Pardo isn’t having any trouble with that at the moment. As we squeeze into the Ferrari he’s borrowed, a crowd of Ford guys with greasy hands file outside to admire the ride. “Let’s hear it, Camilo,” one of the guy says, as we head away. As soon as we pass through the parking lot gate, Pardo slams the gas until the engine roars enough to satisfy his crew. Then, carefully, he slows the car down and heads for lunch, careful not to wreck it.

The crowd is coming and the hot tub is in bad, bad shape. It’s about an hour before Pardo’s party at his studio. Shirtless, in shorts, he scrubs the tub wearing big blue rubber gloves. A DJ is busying sampling some techno vinyl. Pardo’s mother, an ebullient Colombian woman, helps stretch some canvases in a corner. The studio has that Pardo flair for sex, cars, and rock n’ roll. Giant, colorful paintings of sports cars hang on the walls next to profiles of curvaceous women in racing suits. Claw-foot bathtubs are painted like race cars, yellow and blue with black racing stripes. Back in the corner is a giant silver Hershey’s kiss hat, a prop from one of Pardo’s more controversial performance pieces: the Girl in Chocolate.

He created the chocolate girl for a party he held every year for car designers in town for the Detroit auto show. It was a spontaneous and somewhat random idea, just the kind he favors. He had done other pieces involving near-naked women in the past. For a fashion show, he hand-painted a half dozen runway models in pop art latex. One of them was painted to resemble the Ford GT. The chocolate girl, in her own way, would also celebrate the beauty of the cars. “When a girl’s dipped in chocolate,” Pardo says, “she looks like she’s painted. She’s contoured. So when you walk down the street and see a girl in chocolate, you say wow, look at her. When the GT drives by, there’s the same level of drama and dynamics.”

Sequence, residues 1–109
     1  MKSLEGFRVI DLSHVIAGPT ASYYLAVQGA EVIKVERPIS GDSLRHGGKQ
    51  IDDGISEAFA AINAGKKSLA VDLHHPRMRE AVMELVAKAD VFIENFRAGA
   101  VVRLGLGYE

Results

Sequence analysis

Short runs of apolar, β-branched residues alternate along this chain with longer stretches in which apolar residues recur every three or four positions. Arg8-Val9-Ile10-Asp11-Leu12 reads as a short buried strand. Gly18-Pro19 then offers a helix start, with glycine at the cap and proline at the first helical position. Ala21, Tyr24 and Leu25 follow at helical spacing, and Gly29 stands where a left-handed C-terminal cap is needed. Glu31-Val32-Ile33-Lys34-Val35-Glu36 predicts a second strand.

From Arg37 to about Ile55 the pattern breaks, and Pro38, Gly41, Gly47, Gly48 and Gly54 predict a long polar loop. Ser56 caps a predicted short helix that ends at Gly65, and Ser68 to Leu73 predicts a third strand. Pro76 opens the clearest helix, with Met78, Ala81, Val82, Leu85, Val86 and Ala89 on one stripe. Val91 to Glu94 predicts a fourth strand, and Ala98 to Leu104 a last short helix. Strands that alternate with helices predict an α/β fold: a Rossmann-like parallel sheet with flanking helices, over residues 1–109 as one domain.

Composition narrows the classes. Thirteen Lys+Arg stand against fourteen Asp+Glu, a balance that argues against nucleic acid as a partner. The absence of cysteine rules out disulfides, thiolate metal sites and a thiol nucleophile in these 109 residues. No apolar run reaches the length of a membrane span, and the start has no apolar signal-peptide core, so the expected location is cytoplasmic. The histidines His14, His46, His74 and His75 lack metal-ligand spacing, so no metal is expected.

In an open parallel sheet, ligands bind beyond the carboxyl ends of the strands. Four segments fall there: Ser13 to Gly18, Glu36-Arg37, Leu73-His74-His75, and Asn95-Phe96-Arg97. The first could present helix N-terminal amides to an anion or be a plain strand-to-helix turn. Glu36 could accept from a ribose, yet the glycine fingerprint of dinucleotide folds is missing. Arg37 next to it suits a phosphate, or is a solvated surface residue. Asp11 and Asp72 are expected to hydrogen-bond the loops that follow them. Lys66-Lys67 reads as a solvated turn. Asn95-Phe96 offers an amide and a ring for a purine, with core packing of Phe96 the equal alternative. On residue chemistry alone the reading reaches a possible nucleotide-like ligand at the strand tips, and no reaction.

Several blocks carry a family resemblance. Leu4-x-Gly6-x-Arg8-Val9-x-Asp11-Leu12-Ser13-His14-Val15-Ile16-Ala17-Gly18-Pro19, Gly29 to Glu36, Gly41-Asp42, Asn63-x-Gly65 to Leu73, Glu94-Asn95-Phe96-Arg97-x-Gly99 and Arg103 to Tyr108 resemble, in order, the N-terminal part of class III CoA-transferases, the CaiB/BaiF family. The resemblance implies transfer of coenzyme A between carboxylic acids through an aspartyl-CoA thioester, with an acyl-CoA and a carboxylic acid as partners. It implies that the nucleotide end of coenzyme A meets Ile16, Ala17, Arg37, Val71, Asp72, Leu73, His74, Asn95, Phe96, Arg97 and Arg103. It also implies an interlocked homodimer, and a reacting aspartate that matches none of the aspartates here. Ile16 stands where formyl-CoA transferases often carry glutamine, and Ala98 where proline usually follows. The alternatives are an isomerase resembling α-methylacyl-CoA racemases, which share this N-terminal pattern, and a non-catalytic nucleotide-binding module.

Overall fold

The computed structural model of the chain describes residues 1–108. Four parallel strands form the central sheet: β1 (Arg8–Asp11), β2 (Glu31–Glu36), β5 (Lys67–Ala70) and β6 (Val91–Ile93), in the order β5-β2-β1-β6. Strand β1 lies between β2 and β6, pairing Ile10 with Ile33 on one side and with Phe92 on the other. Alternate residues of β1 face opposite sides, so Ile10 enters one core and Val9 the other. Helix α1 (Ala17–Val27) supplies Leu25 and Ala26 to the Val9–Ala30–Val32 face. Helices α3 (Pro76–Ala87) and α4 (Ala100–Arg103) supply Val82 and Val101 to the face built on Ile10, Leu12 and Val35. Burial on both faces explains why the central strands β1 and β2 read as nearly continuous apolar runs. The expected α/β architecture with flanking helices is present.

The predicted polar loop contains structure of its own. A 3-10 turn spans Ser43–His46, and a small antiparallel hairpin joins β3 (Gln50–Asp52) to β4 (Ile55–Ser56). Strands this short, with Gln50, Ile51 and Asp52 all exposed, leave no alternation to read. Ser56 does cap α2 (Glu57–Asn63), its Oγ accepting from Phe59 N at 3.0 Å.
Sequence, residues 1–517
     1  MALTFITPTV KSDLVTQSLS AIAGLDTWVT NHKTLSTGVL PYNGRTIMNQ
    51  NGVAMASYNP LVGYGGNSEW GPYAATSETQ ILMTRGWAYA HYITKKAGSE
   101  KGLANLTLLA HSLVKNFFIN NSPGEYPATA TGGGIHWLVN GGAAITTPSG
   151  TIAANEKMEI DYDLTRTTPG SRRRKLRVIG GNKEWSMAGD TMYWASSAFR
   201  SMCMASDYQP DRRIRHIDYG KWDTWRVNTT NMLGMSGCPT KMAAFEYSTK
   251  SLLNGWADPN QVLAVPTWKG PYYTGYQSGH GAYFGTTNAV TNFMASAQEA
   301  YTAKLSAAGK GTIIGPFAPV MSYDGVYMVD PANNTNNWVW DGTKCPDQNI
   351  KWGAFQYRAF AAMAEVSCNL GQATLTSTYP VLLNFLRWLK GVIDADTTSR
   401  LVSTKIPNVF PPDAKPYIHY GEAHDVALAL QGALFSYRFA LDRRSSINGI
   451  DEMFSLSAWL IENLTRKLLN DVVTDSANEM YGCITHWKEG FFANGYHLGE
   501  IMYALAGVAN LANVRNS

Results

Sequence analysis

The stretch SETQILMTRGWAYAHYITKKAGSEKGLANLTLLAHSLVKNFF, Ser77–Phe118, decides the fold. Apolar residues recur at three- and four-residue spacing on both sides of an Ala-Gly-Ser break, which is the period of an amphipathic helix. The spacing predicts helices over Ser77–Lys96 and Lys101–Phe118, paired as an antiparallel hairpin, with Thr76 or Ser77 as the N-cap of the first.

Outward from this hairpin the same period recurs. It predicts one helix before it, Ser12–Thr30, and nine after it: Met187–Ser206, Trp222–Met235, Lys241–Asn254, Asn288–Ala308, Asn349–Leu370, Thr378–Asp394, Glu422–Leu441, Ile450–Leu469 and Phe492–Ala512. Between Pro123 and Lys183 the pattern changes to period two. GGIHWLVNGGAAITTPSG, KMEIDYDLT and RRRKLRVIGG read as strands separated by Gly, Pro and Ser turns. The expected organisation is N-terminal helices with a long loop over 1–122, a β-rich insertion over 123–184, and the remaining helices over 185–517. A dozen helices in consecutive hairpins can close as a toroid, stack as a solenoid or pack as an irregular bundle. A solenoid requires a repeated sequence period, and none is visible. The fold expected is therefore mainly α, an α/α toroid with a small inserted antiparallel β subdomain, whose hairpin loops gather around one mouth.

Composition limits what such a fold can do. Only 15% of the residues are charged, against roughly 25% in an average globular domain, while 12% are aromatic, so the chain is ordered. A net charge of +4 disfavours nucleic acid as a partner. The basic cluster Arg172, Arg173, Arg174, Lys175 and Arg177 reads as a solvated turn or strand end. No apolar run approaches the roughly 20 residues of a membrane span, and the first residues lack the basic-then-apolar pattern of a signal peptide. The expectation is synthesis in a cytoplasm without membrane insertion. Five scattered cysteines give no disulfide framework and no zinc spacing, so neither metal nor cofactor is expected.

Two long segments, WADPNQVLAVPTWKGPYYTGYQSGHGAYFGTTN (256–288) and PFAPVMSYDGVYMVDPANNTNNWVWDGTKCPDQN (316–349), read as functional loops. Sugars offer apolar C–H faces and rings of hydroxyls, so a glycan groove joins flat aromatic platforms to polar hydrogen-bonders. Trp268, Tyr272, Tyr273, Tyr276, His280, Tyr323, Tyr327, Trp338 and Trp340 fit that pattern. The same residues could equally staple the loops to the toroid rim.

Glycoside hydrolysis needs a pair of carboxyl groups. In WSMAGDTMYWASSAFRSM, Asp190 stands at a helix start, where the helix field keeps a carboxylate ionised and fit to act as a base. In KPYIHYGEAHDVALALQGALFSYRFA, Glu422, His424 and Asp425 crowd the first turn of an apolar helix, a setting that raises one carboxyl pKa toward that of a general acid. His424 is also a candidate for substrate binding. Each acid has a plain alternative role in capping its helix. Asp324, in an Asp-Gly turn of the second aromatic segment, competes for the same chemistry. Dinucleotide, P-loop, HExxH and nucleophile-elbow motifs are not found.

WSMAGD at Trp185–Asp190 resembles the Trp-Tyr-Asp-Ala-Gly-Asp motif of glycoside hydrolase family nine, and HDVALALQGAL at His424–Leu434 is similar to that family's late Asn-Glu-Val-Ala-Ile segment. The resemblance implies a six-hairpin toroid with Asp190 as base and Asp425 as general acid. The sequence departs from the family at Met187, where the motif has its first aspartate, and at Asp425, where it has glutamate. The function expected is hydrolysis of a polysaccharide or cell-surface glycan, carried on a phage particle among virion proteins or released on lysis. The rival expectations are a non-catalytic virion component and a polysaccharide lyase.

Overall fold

The party soon becomes hopping with a photogenic downtown crowd: gorgeous models, downtown hipsters, and a couple nervous looking Ford employees. Pardo sneaks into his bedroom to scarf down rice and beans, while Woody Allen’s futuristic movie Sleeper plays silently on the TV. A drunk guy with a shaved head stumbles in with a beer bottle in a brown bag. He doesn’t know Pardo, it’s clear, the moment his picks up the GT model car sitting on a nearby shelf.

“Cool, dude!” The guy gushes to Pardo, “What is this the 1966 GT?”

“Nope,” Pardo says, “the 2005.”

“No fucking way! They’re making a new one? How do you know?”

“I work there,” Pardo says, nonchalantly, “I designed it.”

The guy’s eyes go wide, as his palm raises high in the air. “Dude!” He says, giving Pardo a five, “That kicks ass!”

“Yeah,” Pardo says, as though he still can’t quite believe it himself, “it does.”